The Samples I've Seen

What I find intriguing is the various samples of ceramic tiles I've seen my fiancee bring back to the condo for consideration. I just took my printer's loupe to one of them, and what looks like marble or granite or some other natural material is nothing more than a series of inkjet dots. Seen under a loupe, it's fascinating. When I look at the side of the tile, I first see a ceramic base that appears to be about 1/4” thick. Then there's a thin coating that looks like paper, although I'm sure it's a chemical ground applied as a base for the inkjet pigments (much as you would prime canvas with gesso). Then there are the inkjet dots that appear to go all the way to the edges of the tiles (which I believe is not possible with traditional screen printing on ceramic tiles). Then there is a topcoat of some kind, presumably for durability.

I know from my reading that in many cases these inkjet printed tiles are produced in such a way that the decoration is not just a surface treatment added to an already fired ceramic tile. Rather it is a part of the process that includes firing in the kiln (and therefore uses mineral-based pigments). Furthermore, it seems that approaching tile making in this way also minimizes wear and tear on the tile decoration (after all, you might have a lot of foot traffic if you're using these tiles in a commercial environment) and also minimizes fading from exposure to sunlight.

One website devoted to printing tiles even noted that theirs is not a sublimation process (presuming an inkjet carrier sheet with pigments that are transferred to the tiles with heat, by first turning the pigments into a gas that travels into the porous surface of the unglazed, unfired clay tiles). In short, this website was implying that the company's inkjet process created “real tiles” that had all the durability and lightfastness of traditionally screen-printed tiles. And the company can print just one tile or multiple tiles.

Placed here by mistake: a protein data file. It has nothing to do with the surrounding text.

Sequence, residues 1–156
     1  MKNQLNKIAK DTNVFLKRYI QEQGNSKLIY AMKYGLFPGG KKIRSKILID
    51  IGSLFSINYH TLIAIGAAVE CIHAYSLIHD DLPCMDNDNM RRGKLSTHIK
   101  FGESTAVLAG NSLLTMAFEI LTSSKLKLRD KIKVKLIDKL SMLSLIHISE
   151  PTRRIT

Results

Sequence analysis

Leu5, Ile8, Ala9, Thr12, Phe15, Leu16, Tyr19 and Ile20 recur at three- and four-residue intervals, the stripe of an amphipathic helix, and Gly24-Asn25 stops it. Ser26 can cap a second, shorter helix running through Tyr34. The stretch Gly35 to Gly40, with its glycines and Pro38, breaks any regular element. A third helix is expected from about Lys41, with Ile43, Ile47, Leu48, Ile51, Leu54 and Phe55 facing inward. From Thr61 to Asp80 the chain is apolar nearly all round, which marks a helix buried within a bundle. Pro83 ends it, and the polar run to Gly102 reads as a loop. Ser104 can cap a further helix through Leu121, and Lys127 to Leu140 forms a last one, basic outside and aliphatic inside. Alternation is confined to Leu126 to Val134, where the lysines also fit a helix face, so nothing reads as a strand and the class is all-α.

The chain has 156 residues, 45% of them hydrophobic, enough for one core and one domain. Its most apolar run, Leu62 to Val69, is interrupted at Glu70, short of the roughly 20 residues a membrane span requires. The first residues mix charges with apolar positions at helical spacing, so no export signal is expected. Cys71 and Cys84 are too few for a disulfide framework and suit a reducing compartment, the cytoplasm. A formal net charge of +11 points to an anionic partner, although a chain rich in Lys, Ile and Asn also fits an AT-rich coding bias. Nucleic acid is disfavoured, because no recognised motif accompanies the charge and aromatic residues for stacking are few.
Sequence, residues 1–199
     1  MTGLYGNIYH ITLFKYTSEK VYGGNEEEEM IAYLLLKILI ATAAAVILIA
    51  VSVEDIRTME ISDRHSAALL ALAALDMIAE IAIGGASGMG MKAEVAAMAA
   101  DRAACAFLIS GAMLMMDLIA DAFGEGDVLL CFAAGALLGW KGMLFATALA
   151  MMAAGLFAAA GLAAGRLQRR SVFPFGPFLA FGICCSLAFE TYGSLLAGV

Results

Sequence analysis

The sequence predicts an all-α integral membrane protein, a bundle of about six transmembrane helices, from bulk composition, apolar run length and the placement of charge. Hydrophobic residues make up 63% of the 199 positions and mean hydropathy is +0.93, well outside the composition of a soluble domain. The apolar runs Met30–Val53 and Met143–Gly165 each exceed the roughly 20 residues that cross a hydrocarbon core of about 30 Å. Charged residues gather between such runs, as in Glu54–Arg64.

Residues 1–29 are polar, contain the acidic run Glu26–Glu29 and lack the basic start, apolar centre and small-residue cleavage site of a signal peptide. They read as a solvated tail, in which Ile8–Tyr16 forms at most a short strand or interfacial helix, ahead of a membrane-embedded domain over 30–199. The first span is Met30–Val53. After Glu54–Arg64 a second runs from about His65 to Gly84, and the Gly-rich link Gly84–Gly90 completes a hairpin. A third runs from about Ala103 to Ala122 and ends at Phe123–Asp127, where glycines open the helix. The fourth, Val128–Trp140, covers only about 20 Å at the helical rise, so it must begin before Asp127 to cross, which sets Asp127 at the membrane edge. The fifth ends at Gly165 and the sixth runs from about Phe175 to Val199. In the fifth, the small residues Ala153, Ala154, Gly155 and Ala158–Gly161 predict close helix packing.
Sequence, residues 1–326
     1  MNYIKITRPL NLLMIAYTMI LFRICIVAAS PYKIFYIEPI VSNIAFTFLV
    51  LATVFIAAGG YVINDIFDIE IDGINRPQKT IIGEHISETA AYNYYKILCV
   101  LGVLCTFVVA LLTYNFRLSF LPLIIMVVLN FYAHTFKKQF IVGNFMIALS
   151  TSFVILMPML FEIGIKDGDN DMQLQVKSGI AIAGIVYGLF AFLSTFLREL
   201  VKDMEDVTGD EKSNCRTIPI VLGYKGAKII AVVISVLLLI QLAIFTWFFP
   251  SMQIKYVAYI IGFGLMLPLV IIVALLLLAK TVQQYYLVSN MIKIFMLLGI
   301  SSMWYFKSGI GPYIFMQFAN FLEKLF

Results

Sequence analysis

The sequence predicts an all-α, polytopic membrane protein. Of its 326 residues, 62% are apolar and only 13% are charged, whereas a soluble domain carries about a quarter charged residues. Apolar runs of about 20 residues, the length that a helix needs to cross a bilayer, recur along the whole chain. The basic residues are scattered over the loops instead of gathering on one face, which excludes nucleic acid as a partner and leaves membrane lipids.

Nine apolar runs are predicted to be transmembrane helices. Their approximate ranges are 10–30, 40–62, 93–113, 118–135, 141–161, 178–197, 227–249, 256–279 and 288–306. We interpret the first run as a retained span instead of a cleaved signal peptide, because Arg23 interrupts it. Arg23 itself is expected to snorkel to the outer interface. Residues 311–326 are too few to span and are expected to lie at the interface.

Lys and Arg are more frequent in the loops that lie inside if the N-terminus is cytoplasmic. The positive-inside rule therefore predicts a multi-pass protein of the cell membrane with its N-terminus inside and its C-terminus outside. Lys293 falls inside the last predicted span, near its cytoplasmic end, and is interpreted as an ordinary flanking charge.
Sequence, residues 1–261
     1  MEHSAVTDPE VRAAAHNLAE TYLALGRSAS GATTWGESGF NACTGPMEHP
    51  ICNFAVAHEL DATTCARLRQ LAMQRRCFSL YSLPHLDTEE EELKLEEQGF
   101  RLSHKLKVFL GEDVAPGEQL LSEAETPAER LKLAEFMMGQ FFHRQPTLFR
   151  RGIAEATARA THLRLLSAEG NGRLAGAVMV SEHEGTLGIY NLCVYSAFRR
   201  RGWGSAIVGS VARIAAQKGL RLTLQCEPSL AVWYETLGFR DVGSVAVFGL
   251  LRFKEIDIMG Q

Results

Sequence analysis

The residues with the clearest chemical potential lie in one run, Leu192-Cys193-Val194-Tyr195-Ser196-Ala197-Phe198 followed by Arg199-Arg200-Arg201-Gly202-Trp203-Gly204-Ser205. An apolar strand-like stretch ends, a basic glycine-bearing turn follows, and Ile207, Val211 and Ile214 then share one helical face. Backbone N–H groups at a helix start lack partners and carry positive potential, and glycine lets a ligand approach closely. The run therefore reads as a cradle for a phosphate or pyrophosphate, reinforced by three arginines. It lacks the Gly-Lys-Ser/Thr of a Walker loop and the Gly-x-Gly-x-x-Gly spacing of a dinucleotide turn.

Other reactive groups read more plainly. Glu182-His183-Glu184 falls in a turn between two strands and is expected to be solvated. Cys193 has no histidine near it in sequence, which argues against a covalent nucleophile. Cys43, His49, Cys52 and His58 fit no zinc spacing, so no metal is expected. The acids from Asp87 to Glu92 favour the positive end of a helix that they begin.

Some Intriguing Samples That Go Way Beyond the Traditional

More than the curious marriage of ceramics and printing, plus the potentially limitless future of industrial inkjet printing, I found the products themselves intriguing.

At the myriad of tile stores my fiancee and I have frequented of late for the house rebuild, I have seen everything from natural stone (quartz, marble, travertine) to inkjet printed versions of the same. In fact, I have learned to first look at the side of the tiles. Natural items have patterns that go all the way through. Inkjetted tiles seem to have only a surface deposit of ink on an otherwise blank tile. However, the products when seen side by side can be almost indistinguishable from one another. And product durability is not an issue.

Beyond the traditional look, there are also rather odd simulations, including inkjet simulations of wood on tiles as well as stone and ceramic. There are even simulations of industrial carpet on ceramic tiles, including the texture of the rug. You really don't know what you're seeing, even when you're touching it.

The key is that you can use inkjet and other digital technologies to produce almost anything that looks like something else. And they're working out the kinks. The products look good, and they're durable.

In my eyes that means that print isn't dead. It's spreading like wildfire in industrial venues.

[Steven Waxman is a printing consultant. He teaches corporations how to save money buying printing, brokers printing services, and teaches prepress techniques. Steven has been in the printing industry for thirty-three years working as a writer, editor, print buyer, photographer, graphic designer, art director, and production manager.]